Jan Norris: Food and Florida

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My Florida: Jugs of A & W Root Beer and Royal Castle Birch Beer My Childhood Elixers

February 8th, 2011 · 10 Comments

A&W Root Beer Mug for sale on Etsy

Somewhere in my stash of collectibles from my former antique mall booth, I have a giant A&W Root Beer mug from the ’60s. I had found it at a yard sale for a buck. It was the old design, the one with the arrow through the target.

It’s the kind I remember my dad drinking from, getting a foamy mustache and grinning for us kids with it. The foamy, always ice-cold root beer, with licorice and cherry undertones, are forever etched onto my taste buds. I can’t remember a single food that thrilled me at A&W – the root beer alone did it.

We had a big A&W drive-in (so it seemed then) that took up all of one of the points of 5-Points – the intersection of Dixie Highway, Wilton Drive and 26th Street in Wilton Manors. We lived only a few blocks away, so it was a last-minute thing to go get a burger and a frosty cold mug of root beer if we had come back from a day of fishing or some other activity where mom didn’t cook.

Back in those days, you could order a big, frosty pitcher of root beer for your table. To take home, which we did, you could buy a gallon glass jug of it, keep the jug and have it refilled. I bet you only paid a quarter for the jug deposit. Doubt they’d do it today, or even have glass jugs.

A ’50s era drive-in

It was a teen hang-out, a true drive-in, with car-hops to bring out the trays that attached to the car windows. Sonic carries on this tradition with skating car-hops, though it just isn’t the same.

1963 Ford Galaxie 500

The teen guys with souped up cars were forever warning the hops about the tips of the trays touching their paint jobs. My dad’s eye-hurting-shiny black 427 Ford Galaxie 500, with Revlon-lipstick-red leatherette interior and AC so cold it froze to ice on the chrome vents, was his pride and joy.

He’d take the tray from the car-hop and place it himself so as to avoid any chance of a scratch. He called all females “doll,” so it was always, “Thanks, doll.” And he left them a decent tip,¬† so he was always getting extra mugs of root beer or an extra order of fries slipped on our tray with a wink.

There was a giant jukebox on the outdoor patio area under the fluorescent lights, maybe a Seeburg or a Wurlitzer – I’m not sure. All I know is that it towered over me, with big fat buttons I could barely reach to choose the 45s that would click and whir like a black round deck of cards as they they spun by and finally stopped to allow your choice to be plucked for the turntable.

I remember Bobby Vinton’s “She Wore Blue Velvet,” “Hey Paula” from Paul and Paula, and “Sugar Shack” from Jimmy Gilmer and the Fireballs playing on it. I hated it when I pushed a wrong button and it played some dippy song about cars.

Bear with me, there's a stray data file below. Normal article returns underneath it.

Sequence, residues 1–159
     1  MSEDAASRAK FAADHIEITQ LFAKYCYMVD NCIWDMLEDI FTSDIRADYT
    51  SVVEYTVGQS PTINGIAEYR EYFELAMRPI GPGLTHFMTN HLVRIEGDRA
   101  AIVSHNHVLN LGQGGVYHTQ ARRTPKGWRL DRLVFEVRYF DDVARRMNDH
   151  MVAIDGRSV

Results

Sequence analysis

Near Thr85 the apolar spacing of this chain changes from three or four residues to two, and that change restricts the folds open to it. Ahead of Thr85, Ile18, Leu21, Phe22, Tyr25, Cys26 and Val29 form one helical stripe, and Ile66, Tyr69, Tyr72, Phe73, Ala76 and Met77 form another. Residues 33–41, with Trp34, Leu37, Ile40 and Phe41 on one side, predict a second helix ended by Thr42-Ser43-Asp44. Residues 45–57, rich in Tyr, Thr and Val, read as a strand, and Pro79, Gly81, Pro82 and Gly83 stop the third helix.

A&W was the only drive-in around for a few miles, so it got a lot of business. There was Jerry’s, a national chain, in Fort Lauderdale on Sunrise Boulevard near U.S. 1. But it didn’t have root beer like this. I think they both closed in the ’70s, giving way to drive-thru spots.

Royal Castle – burgers and a birch

A Royal Castle in the Keys

Down the street on Wilton Drive, next to the “mullet hole” where my neighbor and my cousins walked to fish whenever they were around, was the Royal Castle. It was our version of White Castle. It had a gleaming white and orange tile interior with stainless steel and chrome fixtures, with a bunch of spinning stools at the counter. There was a walk-up window, if I’m not mistaken. More than any other feature, however, was air-conditioning. In those days if you had AC, it was cranked up to “snow” level to impress your guests. On a hot summer day in South Florida, the place was mobbed and there was condensation on the windows; it always looked like it had rained outside.

An ad for them indicated they were open 24 hours, but I honestly don’t recall that.

Here, you could get a whole meal for 50 cents. A mug of birch beer – different in flavor from root beer – was a nickel. It, too, was frosty and if truth be told, I preferred it to A&W root beer, though I can’t say why. I think it had more of a citrus, bright finish – maybe not quite as sweet. It’s been years since I’ve tasted one, but I remember the flavor as distinctly different.

Burgers palm-sized

Their little burgers were perfect for us kids. I could eat one and be done. My cousins Mike and Doug Ward could put away sackfuls – a cheap proposition at 15 cents each. 50 cents each would buy us three burgers and a mug of birch beer; they got my extras. The boys tried to see who could out-burp one another afterward while fishing in the shade of cypress trees in the river nearby.